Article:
skill sports

The Secret Formula to Help Your Kids Focus

At some point, most parents will wonder how they can help their child increase their attention span and their focus. Whether they struggle with homework, paying attention to small tasks around the house, or daydream and pick grass in the outfield during sports, we live in a world where there are constant distractions and shiny objects pulling at kids’ attention. This is particularly common amongst parents with kids who are hyperactive, who often show a lack of restraint or may struggle with the ability to perform well in school.

How Playing Helps Kids Focus

Often, parents see their kids struggling to focus and wonder if the remedy could be as simple as medication to help their kids stay more mentally “in the zone.” While we’ve seen kids thrive both with and without medication to help them focus, and while we certainly don’t have the medical expertise necessary to make a recommendation for your specific circumstances, one of the most beneficial things any kid can do is to stay regularly active. Unstructured play, sports, high-energy activities like karate - all of these things give kids a place to channel their physical energy that can often show itself as a lack of focus. 

Studies show that 30 minutes of exercise per day can help kids focus and manage moods, especially when placed in social settings.

Here’s why: Exercise boosts the brain’s neurotransmitters, which are chemical messengers that carry important information from one neuron to another in the brain. When boosted, the results are stronger connections in the brain and increased rates of learning. To put it another way, the more your body works, the better your brain works.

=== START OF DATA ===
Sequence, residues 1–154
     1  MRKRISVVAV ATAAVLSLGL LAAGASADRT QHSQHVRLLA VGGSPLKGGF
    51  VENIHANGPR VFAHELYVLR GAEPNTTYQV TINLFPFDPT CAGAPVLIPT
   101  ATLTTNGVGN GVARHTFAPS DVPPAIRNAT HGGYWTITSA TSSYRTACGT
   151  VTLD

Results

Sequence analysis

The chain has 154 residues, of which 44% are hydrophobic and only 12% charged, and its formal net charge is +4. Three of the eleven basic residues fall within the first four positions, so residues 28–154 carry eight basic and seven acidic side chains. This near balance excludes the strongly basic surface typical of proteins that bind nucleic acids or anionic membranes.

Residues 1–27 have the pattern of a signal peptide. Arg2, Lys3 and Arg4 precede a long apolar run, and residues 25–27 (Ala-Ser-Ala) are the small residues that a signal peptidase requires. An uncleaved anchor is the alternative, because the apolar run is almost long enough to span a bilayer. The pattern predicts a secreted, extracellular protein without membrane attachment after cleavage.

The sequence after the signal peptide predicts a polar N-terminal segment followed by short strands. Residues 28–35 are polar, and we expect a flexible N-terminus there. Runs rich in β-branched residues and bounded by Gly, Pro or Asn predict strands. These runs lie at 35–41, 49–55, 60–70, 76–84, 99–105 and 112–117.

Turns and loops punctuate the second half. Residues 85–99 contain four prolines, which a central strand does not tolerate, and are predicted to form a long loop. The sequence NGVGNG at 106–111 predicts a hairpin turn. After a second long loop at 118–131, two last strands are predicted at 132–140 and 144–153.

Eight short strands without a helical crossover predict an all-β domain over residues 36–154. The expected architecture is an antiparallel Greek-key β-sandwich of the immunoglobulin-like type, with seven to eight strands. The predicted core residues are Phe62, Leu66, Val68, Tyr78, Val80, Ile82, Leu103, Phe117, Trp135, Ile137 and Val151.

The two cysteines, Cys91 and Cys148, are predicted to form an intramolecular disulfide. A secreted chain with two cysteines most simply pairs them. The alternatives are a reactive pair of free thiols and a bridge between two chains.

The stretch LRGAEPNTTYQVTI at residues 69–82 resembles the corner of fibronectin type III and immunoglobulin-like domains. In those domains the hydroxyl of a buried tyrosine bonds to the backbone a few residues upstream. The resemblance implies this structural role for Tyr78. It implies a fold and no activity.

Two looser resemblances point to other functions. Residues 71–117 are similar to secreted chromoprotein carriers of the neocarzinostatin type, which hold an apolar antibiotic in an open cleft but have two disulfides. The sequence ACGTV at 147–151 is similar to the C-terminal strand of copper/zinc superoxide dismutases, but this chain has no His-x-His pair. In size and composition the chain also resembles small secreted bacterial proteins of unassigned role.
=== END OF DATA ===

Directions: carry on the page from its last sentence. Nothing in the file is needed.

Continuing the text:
The most naturally helpful way of getting your kids to focus more regularly is by placing them in an environment where they are around other kids, performing physical activity. In an effort to improve executive function, sports that include running and jumping help tremendously. However, skilled sports such as karate, gymnastics, skating, and swimming, are all activities that force the brain to make new connections, opens up a new level of concentration and perception, which creates a sense of well being. 

Learning to Move their Bodies

These sports focus primarily on the athlete learning to “pilot their own ship,” or use their own body as the primary instrument to accomplish sport-specific tasks. Other sports, primarily team-based sports like baseball, basketball, and soccer, require an external element like a bat or ball that the athlete has to learn to manipulate at the same time they’re learning to move themselves. 

While this develops a narrow skillset within that particular sport, it doesn’t translate that athletic fluency to other sports as effectively as a sport in which an athlete’s primary tool is their own body. What we do at The Dojo has been shown in hundreds of families to significantly boost a child’s innate athleticism, which not only makes them more effective in their karate classes, but also has the added benefit of setting them up for greater athletic success no matter what sport they participate in down the road.

Let’s Wrap it Up

In any event, whether your kids struggle to stay engaged at school, seem to have more energy than you know what to do with, or if you just want them to set themselves up to be as successful as possible no matter what challenges they decide to take on, it’s important to let them get out into the world and move their body.

Having fun, particularly with friends, by being up and active has benefits that go well beyond just the physical. You’ll see your child start to make stronger connections with other people, with their own body, and within their academic environment too.

So get up and break a sweat! Parents, it’ll help you too!